A Double Astrono-Whammy of Exoplanet Finds November 13, 2008Posted by Sarah in science.
Tags: astronomy, exoplanet, gemini, hubble, image, keck, nasa
Since the detection of the first exoplanet in 1995, exoplanet astronomy has advanced in leaps and bounds. With well over 300 planets known to orbit stars other than the Sun, something special is needed for a discovery to hit the headlines. Today, two separate teams of astronomers are publishing results with a great big X-factor in the journal Science.
For the first time, astronomers have managed to produce images of planetary systems around other stars.
What about this, you ask? This image of the 2M1207 system, hailed as the first even exoplanet image on its release in 2005, is indeed an exoplanet image. But its host is a brown dwarf; a sub-stellar sized object that isn’t massive enough to burn fuel its core.
The first team of exoplanet searchers, led by Christian Marois of the Herzberg Institute of Astrophysics in Victoria, Canada, used the Gemini and Keck Telescopes with powerful adaptive optics systems to correct for image-blurring atmospheric turbulence to spot no fewer than 3 planetary companions around the star HR8799. Using a combination of high-contrast imaging and coronagraphy, where the light from the central star is blocked out with a mask, the team were able to establish that they were indeed co-moving with the star HR8799, and from their brightness inferred that they have a mass indicative of planets rather than brown dwarfs. While the planets show similarities with the 2M1207 system, it is set apart by the fact that the HR8799 is a real star not unlike our Sun.
The second exoplanet image, produced with the Hubble Space Telescope’s Advanced Camera for Surveys by a team led by Paul Kalas of UC Berkeley, is special as its host star is one of our nearest neighbours, Fomalhaut. Like many stars in our solar neighbourhood, bright star Fomalhaut is surrounded by a disk of dusty debris. Such disks are produced in the aftermath of star formation when smaller bodies around the star collide and break up into dusty rubble. Fomalhaut’s companion, Fomalhaut b, whose presence was confirmed with 6 independent HST observations over almost 2 years, is thought to be up to 3 Jupiter masses in size, orbiting at a distance of around 115 AU from the parent star. Interestingly, based on these figures, Fomalhaut b should be some 100 times fainter than was observed in the images. The researchers suggest that the excess in visible light from the planet may be due to an extensive ring system around the planet that is scattering and reflecting light.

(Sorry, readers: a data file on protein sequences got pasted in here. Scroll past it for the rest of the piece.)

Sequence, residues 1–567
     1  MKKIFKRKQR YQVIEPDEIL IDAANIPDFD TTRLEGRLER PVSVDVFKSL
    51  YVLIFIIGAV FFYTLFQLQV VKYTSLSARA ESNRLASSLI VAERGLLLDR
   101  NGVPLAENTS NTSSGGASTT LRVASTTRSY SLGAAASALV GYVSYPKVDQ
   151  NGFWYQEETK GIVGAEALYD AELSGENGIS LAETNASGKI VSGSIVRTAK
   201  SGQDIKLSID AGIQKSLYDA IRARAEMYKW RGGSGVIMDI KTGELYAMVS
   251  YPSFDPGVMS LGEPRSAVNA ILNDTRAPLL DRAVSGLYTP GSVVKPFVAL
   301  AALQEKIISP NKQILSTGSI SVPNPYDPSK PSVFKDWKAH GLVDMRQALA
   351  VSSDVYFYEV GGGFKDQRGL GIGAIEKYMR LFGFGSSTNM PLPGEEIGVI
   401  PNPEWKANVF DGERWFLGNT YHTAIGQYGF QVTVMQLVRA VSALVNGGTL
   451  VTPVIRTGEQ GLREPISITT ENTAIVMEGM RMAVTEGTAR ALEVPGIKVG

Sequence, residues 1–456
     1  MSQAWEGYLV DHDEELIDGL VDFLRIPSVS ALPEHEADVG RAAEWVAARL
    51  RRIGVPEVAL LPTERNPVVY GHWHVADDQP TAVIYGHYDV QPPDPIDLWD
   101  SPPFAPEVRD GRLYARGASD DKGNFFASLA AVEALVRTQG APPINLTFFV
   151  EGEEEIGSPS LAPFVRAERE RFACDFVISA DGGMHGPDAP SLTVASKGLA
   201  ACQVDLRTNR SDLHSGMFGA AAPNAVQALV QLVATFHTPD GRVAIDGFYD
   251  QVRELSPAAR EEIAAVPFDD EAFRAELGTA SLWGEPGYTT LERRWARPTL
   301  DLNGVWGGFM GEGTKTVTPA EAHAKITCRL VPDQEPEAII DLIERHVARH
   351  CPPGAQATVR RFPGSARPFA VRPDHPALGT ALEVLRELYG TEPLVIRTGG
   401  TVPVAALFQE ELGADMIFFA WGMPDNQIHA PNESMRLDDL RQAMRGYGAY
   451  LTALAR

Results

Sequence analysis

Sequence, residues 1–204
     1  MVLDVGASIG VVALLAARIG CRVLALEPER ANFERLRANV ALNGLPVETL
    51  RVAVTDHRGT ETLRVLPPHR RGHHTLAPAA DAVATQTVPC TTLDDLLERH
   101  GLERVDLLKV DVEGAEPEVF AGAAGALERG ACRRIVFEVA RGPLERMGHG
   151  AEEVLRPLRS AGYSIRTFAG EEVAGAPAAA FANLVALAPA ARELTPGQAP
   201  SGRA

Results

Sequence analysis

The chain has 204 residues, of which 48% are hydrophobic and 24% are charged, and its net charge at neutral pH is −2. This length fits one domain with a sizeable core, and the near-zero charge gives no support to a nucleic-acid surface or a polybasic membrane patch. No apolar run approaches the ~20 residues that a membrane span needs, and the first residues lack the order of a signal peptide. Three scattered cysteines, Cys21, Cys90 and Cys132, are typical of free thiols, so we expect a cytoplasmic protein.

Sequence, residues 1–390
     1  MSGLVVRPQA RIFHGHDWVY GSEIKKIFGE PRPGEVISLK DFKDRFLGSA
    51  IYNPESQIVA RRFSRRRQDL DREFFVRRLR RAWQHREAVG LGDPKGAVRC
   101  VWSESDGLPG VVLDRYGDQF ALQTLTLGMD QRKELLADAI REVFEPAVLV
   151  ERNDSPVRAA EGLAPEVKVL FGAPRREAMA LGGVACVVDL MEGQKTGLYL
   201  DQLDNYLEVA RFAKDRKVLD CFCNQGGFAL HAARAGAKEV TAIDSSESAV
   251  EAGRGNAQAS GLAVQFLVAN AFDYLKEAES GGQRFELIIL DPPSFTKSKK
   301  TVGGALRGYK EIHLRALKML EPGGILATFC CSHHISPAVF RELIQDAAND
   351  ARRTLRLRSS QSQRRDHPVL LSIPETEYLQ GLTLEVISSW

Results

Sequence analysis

Of the hundreds of known exoplanets, the majority were discovered using indirect detection methods, such as observing the wobble in a star’s motion caused by the tug of an exoplanet, or catching the dip in brightness of the star when a large planet passes in front of it. Obtaining a direct image of a planet is a very challenging task, with the starlight completely swamping the photons from its tiny faint companion. In a companion piece in this week’s edition of Science, Mark Marley discusses the techniques the astronomers used to obtain these fantastic images.
On a more personal note, as someone who helps design instruments to do this kind of work, it’s hard not to be blinded by the immense difficulties we face in collecting the light from these faintest of sourcs. I admit to being quite pessimistic about direct imaging of exoplanets. Every once in a while an image comes by that makes me sit up and realise that, WOW, this stuff actually WORKS! And today we got two of those.
We’re still a long way away from imaging other Earths in extrasolar systems, but if these new results are anything to go by, exoplanet research is definitely alive and kicking.